Because yeah, if nobody has expressed more than polite interest in what you’re writing, and you’ve been writing with the express intent of finding an audience for (double checks) two DECADES, you are absolutely, positively, one hundred percent doing something wrong.


#16

This is interesting to me, because “writing for me” is precisely how I started writing more – and more successfully.

Writing for yourself gives you the confidence to not care what anyone else thinks. Given how many people – including a lot of book lovers – get a kick out of picking on emerging authors, you’re going to need that. I’ve received brilliant feedback at workshops. I’ve also had people not read my work at all but try to give feedback anyhow.

One bit of advice I did get from a full-time, successful writer: remember creating the work and marketing the work are two separate tasks. Writing for yourself and having an audience are not opposing activities.


#17

Then educate to me preacher man. Tell me what I have been doing oh so terribly fucking wrong. That has what I have literally screamed at people in the past. Can you answer that question? Because right now it looks like you are throwing my own words at me stead of trying to help work around the issue.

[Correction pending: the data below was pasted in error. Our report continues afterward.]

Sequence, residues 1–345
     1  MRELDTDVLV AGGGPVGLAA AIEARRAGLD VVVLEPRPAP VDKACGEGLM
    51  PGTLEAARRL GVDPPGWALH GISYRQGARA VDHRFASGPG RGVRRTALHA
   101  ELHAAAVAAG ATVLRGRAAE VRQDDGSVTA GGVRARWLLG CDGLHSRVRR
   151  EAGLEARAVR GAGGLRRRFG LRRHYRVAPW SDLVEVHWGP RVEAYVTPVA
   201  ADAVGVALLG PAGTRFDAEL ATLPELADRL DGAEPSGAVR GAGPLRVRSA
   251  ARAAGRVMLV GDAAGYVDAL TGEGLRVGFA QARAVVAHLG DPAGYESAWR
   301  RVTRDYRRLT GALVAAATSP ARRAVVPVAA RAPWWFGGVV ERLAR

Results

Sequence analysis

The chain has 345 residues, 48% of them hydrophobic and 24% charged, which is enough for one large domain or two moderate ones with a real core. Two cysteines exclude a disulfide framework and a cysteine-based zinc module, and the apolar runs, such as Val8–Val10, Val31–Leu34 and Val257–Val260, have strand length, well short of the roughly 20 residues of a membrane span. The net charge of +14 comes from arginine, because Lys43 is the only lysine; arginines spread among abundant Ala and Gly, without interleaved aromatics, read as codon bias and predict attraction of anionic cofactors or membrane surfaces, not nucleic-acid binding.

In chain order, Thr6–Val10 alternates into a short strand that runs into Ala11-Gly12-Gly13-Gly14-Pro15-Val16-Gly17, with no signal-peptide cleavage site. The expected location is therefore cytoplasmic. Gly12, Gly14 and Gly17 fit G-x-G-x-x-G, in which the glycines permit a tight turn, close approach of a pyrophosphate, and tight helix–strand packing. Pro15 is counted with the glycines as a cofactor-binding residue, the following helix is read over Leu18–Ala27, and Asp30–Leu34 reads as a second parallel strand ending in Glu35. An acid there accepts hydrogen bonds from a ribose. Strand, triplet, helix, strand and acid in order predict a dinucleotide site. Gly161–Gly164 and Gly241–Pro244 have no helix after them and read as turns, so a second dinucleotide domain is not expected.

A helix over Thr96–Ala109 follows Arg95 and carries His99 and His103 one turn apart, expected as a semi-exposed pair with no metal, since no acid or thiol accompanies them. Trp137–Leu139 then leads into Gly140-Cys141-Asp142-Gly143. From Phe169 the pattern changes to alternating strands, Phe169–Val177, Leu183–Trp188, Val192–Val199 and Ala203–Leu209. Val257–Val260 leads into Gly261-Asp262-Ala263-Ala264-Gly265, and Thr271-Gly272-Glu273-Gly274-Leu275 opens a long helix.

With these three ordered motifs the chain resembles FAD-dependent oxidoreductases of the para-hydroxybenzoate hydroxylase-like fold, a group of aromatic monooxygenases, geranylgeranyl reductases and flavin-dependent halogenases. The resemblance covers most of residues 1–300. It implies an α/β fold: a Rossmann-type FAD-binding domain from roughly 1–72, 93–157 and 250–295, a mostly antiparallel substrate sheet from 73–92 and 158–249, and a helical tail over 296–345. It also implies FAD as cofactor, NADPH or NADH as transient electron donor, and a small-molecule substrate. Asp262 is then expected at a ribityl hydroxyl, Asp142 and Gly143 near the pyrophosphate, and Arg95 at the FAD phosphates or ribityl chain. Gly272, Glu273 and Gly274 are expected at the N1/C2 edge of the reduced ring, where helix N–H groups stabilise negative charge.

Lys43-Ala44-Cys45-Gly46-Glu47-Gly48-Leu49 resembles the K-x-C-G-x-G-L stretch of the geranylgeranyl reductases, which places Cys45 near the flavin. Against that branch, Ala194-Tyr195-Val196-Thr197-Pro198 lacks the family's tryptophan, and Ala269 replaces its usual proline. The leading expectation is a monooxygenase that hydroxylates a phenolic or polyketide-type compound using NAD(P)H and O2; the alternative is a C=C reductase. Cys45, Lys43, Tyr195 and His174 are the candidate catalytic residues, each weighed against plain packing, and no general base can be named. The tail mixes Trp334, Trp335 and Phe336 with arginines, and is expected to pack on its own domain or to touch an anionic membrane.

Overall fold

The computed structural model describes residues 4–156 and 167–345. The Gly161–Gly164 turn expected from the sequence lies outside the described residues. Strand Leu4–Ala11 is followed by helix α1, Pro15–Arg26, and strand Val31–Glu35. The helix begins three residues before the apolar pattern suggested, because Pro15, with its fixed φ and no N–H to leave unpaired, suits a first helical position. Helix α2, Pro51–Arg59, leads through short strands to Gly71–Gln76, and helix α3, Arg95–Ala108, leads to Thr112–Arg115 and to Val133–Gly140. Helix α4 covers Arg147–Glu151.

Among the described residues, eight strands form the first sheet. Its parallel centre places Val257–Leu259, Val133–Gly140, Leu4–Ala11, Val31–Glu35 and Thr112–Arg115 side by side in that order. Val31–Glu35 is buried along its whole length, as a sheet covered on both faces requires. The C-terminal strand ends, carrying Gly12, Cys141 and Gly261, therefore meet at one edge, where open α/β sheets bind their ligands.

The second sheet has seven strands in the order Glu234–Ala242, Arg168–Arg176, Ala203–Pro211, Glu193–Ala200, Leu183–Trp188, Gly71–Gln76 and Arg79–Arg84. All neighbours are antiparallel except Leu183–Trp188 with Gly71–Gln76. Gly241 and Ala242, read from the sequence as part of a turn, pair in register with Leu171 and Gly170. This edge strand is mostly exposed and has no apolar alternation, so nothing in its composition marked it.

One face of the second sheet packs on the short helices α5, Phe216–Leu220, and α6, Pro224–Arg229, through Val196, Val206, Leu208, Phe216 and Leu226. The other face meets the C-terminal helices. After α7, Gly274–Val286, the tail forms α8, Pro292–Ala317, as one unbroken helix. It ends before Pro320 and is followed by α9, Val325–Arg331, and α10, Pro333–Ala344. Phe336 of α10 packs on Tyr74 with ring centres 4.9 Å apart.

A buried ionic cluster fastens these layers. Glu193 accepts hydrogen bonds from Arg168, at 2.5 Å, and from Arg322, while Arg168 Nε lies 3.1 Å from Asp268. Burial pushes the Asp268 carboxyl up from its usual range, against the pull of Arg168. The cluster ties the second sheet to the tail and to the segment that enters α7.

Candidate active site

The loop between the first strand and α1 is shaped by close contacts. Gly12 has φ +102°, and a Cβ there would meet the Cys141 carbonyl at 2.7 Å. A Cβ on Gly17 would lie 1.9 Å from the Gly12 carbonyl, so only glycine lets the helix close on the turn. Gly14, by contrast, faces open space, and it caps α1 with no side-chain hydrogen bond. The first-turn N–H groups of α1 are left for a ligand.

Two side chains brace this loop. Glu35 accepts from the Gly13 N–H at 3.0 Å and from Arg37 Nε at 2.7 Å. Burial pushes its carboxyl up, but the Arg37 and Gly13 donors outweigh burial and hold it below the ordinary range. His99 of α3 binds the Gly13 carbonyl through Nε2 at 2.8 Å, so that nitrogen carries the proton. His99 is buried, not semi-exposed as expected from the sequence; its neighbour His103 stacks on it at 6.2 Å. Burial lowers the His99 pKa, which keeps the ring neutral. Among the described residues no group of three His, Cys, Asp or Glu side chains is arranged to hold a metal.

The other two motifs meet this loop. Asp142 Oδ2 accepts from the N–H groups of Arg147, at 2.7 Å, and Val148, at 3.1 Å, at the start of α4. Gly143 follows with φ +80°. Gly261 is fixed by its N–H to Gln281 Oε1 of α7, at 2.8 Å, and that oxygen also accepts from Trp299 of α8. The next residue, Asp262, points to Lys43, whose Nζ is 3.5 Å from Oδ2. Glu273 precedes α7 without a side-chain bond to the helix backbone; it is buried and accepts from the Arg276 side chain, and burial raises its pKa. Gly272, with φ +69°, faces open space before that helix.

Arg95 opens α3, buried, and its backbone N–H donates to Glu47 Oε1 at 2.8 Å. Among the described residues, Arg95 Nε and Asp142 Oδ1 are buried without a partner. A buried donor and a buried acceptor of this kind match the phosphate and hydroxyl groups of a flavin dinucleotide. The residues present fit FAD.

#18

On the contrary – I just bought a novella which was written (at least in first draft) precisely like that. Two writers punted it back and forth between them, then handed it off to a third writer when they both ran out of steam.


#19

Sounds like play by post rp on a larger scale. Also sounds incredibly fun.


#21

I was assuming each writer had their own story, but it could be collaborative.